1987: WES/PNEU celebrated the centenary of the founding of the PNEU

1989: WES/PNEU closed. The overseas work was passed to the Bell Educational Trust in Cambridge.

1990: CMC reached maximum size with 800 full-time undergraduate students, including joint teacher-training courses with several French universities, and an extensive programme of in-service courses for teachers from the UK and abroad.

1992: Due to further financial pressures, the college became the tenth college of Lancaster University.

2007: CMC had merged with St Martin’s College Lancaster. Both colleges joined the new University of Cumbria based in Lancaster and Carlisle; the Ambleside site was temporarily closed.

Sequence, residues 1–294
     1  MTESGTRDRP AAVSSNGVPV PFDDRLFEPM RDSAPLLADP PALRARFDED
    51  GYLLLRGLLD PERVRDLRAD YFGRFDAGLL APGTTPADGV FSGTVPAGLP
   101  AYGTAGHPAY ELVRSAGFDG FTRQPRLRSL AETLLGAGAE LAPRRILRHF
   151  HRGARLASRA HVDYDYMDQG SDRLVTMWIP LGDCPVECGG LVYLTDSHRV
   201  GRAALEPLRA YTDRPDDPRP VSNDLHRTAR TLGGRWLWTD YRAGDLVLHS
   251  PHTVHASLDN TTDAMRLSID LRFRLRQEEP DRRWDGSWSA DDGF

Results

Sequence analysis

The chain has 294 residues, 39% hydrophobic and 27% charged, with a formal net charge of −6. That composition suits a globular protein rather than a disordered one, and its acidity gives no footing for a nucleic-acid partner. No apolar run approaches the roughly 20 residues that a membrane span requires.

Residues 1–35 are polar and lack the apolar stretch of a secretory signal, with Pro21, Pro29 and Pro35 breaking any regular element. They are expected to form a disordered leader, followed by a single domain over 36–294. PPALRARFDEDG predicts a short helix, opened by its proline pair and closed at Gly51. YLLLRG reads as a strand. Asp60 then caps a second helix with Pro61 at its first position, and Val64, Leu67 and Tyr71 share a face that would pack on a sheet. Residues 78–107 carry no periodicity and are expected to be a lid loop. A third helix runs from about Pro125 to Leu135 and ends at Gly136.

2010: The University of Cumbria decided to end teacher training at Ambleside.

2012: Although all UK PNEU schools had closed or were renamed; several UK schools still practise Charlotte Mason’s methods.

2013-14: The University of Cumbria re-opened the Scale How Campus in Ambleside for the study of Forestry and Wild life Conservation etc. Charlotte Mason is acknowledged as the founder of the CMC at Scale How.

2015:  L’Umile Pianta now appears annually instead of quarterly.



The Revd, Dr Benjamin Bernier.

Dr Hugh Boulter.

Margaret A Coombs, Charlotte Mason, Hidden Heritage and Educational Influence.  (Lutterworth 2015)

Mrs Caroline Heal, former editor L’Umile Pianta.

The Revd. J.P.Inman, Charlotte Mason College, 1985

Charles S Smyth, Charlotte Mason and the PNEU.

Professor John Thorley.

Dr Deani Neven Van Pelt.

The Charlotte Mason and PNEU archives are housed at the Armitt Library and Museum.